Foster Care FAQ                                                             

  • Foster Care & Adoption
    Answers to common questions about foster care and adoption.
  • What geographic area do you serve for foster care and fost-adopt?

     

    EF_web FAQ LA County box

     

    We serve all of Los Angeles County.

  • Do I need special training?

     

     

    Yes, a 2 and a 1/2-hour orientation and 21 hours of resource parent pre-certification training are required before your initial certification. The training is provided by our agency. You will also need to become CPR and First Aid certified and maintain certification. Pre-certification training sessions are provided alternately on consecutive Thursday evenings from 6:30 p.m. to 9:30 p.m., and on consecutive Saturdays from 9:00 a.m. to 12:00 p.m. You must also obtain 15 hours of continuing education annually to remain certified. The full schedule of trainings is included in our calendar.

  • How long does it take to become certified as a foster/fost-adopt parent?

    After you complete your training, it usually takes about three to four months to become certified and ready for placement. However, it can take longer. This largely depends on how quickly you submit your paperwork, have your criminal clearances completed and are available for the home study interviews.

  • How long will it take to have a child placed in my home?

    All prospective resource parents are certified for both foster care and adoption and are often referred to as fost-adopt parents. Once you are a certified resource parent, a child can be placed in your home on a foster care basis immediately. The characteristics of the child you would like to have in your home plays a large part in how quickly a child will be placed with you. The more open you are to older children, sibling groups and different ethnicities the faster you can be matched with a child.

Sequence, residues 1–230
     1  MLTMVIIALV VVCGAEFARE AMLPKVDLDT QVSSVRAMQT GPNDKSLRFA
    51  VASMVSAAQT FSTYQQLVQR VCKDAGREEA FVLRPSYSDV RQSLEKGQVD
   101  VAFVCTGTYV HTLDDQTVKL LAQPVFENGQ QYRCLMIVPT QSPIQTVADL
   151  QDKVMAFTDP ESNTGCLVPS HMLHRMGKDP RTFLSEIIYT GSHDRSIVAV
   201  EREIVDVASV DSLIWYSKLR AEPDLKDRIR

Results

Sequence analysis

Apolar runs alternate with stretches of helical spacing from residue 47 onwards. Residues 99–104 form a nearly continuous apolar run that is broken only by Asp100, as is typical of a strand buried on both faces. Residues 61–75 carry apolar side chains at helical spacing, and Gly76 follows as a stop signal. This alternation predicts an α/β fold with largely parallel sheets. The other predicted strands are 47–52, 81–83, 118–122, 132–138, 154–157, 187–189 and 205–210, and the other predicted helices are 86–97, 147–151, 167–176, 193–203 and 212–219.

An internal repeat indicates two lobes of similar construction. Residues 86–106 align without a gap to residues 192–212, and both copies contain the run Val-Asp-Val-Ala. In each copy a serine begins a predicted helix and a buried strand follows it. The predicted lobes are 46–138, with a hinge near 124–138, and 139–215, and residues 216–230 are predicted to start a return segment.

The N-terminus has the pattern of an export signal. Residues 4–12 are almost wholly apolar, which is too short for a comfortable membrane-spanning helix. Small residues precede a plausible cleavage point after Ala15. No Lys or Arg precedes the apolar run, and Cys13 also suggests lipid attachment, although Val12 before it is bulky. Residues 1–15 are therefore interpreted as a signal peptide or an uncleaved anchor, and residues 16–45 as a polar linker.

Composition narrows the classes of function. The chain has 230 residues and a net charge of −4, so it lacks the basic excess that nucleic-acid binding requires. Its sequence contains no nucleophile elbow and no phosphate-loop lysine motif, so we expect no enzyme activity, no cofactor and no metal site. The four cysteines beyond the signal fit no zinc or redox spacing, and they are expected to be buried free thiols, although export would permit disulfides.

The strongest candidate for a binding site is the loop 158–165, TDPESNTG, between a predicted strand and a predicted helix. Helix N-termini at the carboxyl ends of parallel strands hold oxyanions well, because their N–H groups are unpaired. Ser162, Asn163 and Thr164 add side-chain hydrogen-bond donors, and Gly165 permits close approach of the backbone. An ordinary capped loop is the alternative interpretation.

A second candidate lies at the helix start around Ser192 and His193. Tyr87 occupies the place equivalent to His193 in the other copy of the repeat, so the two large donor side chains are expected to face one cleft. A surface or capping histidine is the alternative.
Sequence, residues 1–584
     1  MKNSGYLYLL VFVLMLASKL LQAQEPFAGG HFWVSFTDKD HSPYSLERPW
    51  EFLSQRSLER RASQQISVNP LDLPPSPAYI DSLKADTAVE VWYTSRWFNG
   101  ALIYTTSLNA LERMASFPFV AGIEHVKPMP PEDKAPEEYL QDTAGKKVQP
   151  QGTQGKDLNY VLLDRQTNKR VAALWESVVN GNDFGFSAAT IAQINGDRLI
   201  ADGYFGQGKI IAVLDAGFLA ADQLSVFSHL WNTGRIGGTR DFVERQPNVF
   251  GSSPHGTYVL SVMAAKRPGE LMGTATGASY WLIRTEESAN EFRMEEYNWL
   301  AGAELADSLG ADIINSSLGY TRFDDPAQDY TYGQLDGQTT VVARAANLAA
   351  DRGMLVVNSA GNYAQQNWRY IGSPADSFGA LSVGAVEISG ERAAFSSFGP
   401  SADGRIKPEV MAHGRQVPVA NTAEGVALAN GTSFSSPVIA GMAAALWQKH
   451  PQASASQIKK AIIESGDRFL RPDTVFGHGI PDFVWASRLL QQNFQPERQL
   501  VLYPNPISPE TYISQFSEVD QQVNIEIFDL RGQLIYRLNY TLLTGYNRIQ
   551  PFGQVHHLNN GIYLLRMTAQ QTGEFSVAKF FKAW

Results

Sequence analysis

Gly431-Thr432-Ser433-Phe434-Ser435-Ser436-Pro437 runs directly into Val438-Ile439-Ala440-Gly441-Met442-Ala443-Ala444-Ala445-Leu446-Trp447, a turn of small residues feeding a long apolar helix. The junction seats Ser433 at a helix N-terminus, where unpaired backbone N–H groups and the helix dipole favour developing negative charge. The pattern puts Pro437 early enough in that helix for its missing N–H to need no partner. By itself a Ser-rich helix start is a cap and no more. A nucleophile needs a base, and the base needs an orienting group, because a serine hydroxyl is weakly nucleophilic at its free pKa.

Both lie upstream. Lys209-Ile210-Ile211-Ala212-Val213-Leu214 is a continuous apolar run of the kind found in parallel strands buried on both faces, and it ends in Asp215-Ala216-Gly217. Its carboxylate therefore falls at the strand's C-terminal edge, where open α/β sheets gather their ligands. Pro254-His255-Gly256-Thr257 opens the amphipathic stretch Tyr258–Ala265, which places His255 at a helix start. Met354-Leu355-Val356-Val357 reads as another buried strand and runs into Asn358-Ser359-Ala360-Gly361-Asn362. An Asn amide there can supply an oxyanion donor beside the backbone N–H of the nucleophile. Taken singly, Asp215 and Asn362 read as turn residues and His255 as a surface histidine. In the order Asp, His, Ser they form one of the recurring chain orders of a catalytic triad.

• Can a child in foster care be adopted?

     

    EF_web FAQ adopt yes

     

    When reunification with birth family is not possible, permanence for children in foster care is sought through adoption. The first priority for adoption is given to the resource parents, with whom the child lives. In Los Angeles County, all families are certified for both foster care and adoption so that if a child moves towards the plan of adoption, it can happen quickly and smoothly.

  • With the fost-adopt process, how long will it take for the adoption to be finalized?

    There are many factors involved in a case moving though the fost-adopt process. Once parental rights have been terminated, an adoption may be finalized within 4-6 months; however, each case is unique and the final decisions are made by the Children’s Dependency Court. Please note, a child may be placed with you on a foster care basis for as long as one to two years before parental rights are terminated. Much depends on how far along the case is in the legal process when a child is placed with you.

  • What is a Home Study?

    A home study is required for all resource families. It is a psycho-social assessment of you and your family that is based on individual and joint (if you are a couple) interviews, participation in training, questionnaires that you have completed and all the documentation you are required to submit.  A thorough home study should consist of the following components: gathering information about you and your family, an evaluation of your ability to be an adoptive parent/family, and education and preparation for foster care and adoption. Some of the required documentation includes marriage certificates, divorce documents, military discharge and child support information. Applicants will have to give permission to have criminal and child abuse clearances and will have to provide the Social Worker with personal references. Applicants will also have to complete a physical exam and have a TB test.